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Bramwell’s Lunch Beat: Week Ahead – FASB to Discuss Possible Revenue Rule Delay

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Mar 30th 2015
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Tax proposals would move US closer to global norm
Lawmakers on both sides of the aisle are finding appeal in an ambitious concept for overhauling the nation’s income tax system: a tax based on consumption, a tool long used around the world, wrote John D. McKinnon of the Wall Street Journal. The Senate Finance Committee is giving new consideration to the consumption tax idea with the hope that its promised boost to economic growth would ease the way to a tax code revamp. Consumption-style taxes hit the money taxpayers spend, rather than the income they receive. One prominent feature of consumption tax systems is that they generally tax savings and investment lightly or not at all. That, in turn, encourages more investment and innovation – and ultimately more growth, many economists contend. Enactment of a broad-based federal consumption tax would align the United States with a global trend.

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FASB set to discuss revenue recognition effective date deferral
Financial statement preparers may learn more this week about a potential deferral of the effective date of the converged revenue recognition standard that was issued by the Financial Accounting Standards Board (FASB) and the International Accounting Standards Board last year, wrote Ken Tysiac of the Journal of Accountancy. The FASB will hold further discussion on Wednesday about a possible delay, according to a meeting notice posted on the board’s website. The standard is scheduled to take effect for reporting periods beginning after Dec. 15, 2016, for US public companies. But some financial statement preparers have questioned whether the effective date gave companies enough time to make their transition to the standard. Companies choosing a full retrospective transition would have needed to start capturing data by Jan. 1, 2015, to demonstrate comparability.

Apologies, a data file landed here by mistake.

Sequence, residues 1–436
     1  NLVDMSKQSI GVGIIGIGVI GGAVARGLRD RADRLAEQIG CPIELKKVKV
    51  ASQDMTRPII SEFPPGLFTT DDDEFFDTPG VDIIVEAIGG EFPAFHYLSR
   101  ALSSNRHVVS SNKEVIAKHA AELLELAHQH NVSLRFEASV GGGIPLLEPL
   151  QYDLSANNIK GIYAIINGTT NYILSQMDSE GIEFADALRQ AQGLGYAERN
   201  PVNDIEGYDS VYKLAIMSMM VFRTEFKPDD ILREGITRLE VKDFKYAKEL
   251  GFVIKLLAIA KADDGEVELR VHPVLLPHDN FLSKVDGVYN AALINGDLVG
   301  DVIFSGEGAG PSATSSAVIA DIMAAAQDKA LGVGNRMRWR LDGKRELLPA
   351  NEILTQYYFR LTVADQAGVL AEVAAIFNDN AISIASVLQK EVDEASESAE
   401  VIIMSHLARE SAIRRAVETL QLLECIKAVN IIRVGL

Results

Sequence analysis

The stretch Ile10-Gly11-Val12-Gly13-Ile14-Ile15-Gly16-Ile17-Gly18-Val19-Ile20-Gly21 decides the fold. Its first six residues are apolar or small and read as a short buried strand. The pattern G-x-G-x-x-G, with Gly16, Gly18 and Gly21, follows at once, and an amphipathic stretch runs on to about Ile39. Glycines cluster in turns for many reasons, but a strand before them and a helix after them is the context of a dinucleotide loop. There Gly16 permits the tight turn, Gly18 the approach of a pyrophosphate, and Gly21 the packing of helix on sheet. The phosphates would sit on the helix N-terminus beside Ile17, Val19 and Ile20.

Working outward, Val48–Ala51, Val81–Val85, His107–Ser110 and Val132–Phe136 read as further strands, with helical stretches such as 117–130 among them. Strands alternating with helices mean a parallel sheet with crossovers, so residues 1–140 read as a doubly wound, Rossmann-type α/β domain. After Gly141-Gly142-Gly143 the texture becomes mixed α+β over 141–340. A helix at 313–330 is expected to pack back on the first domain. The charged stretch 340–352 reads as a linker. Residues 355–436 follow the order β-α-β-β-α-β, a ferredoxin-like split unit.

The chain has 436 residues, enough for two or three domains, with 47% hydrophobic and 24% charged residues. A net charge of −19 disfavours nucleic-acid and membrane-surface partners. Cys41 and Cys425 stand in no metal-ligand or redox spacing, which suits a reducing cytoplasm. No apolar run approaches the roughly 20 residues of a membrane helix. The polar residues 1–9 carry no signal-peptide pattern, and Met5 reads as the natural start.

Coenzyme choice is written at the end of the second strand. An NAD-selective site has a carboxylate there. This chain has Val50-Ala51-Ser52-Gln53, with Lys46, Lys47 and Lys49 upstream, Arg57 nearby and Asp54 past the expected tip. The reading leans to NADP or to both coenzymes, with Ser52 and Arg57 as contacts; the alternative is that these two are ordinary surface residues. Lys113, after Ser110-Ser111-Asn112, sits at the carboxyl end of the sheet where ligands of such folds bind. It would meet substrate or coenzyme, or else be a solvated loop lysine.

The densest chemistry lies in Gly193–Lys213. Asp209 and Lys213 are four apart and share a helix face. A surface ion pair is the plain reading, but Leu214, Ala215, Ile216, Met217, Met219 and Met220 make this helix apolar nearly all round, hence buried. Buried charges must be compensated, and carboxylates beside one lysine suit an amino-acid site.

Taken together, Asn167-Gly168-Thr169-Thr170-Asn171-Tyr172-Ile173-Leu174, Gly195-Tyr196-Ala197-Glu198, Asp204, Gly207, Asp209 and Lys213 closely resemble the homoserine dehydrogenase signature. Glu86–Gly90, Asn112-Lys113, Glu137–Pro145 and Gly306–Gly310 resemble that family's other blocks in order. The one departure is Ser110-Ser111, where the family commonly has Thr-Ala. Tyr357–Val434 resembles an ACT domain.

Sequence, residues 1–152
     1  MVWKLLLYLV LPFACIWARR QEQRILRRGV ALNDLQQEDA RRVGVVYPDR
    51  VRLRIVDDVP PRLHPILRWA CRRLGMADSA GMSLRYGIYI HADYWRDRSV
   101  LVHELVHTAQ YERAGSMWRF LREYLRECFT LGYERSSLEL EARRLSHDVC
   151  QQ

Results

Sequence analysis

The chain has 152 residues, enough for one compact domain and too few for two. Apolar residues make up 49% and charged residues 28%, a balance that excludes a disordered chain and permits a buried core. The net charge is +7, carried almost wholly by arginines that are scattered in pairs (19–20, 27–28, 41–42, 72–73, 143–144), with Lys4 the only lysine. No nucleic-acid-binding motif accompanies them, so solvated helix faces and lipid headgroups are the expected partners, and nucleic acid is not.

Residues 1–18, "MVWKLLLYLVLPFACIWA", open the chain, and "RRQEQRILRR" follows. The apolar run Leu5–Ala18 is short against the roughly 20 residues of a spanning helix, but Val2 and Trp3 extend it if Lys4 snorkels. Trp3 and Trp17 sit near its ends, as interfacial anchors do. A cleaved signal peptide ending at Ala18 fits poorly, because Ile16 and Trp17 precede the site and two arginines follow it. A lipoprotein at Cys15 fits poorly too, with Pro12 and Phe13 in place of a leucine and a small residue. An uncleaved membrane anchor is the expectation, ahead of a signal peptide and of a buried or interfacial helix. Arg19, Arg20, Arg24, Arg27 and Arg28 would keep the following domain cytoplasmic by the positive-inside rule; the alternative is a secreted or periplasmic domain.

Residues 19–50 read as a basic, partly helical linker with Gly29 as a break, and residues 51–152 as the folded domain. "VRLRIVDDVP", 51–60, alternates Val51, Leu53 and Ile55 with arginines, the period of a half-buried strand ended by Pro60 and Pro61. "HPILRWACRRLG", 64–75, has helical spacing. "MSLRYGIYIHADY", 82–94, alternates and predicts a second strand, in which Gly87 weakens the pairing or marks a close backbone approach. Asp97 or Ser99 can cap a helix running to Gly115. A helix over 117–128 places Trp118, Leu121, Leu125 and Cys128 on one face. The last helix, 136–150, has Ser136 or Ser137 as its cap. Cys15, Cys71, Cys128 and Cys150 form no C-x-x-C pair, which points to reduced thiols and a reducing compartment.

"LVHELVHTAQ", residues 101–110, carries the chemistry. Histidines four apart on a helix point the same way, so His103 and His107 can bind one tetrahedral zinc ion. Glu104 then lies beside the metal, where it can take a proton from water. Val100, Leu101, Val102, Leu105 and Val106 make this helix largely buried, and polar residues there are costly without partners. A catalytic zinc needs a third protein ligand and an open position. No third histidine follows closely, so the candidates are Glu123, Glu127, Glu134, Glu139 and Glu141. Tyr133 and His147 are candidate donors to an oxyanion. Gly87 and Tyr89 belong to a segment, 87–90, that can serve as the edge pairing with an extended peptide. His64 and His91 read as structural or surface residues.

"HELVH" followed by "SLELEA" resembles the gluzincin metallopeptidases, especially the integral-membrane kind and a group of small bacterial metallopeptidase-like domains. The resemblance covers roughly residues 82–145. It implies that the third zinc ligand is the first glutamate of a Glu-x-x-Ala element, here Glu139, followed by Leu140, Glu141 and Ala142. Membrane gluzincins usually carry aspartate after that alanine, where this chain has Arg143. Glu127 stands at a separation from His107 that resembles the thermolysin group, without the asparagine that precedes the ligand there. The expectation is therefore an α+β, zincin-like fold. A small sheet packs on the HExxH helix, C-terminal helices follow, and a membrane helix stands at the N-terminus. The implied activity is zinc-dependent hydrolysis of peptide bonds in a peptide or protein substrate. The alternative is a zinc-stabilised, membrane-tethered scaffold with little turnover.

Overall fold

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Two ex-Credit Suisse bankers avoid jail time in tax-evasion case
Two former Credit Suisse AG bankers who pleaded guilty to helping wealthy Americans evade taxes received no jail time after cooperating in the US case against the Swiss bank, wrote Joel Schectman of the Wall Street Journal. A federal judge in District Court in Alexandria, Virginia, sentenced Josef Dörig and Andreas Bachmann each to five years of unsupervised probation for their roles in helping US customers hide earnings from American tax authorities through a web of secret Swiss accounts and shell companies. Dörig was fined $125,000; Bachmann was fined $100,000. Bachmann and Dörig are two of eight former Credit Suisse employees who have faced tax-evasion charges since 2011. The US Justice Department considers the others fugitives, an official said. Last May, Credit Suisse agreed to pay $2.6 billion and pleaded guilty to “knowingly and willfully” helping thousands of US clients open accounts and conceal their income from the IRS.

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Michigan film-tax credits show divide over aid to Hollywood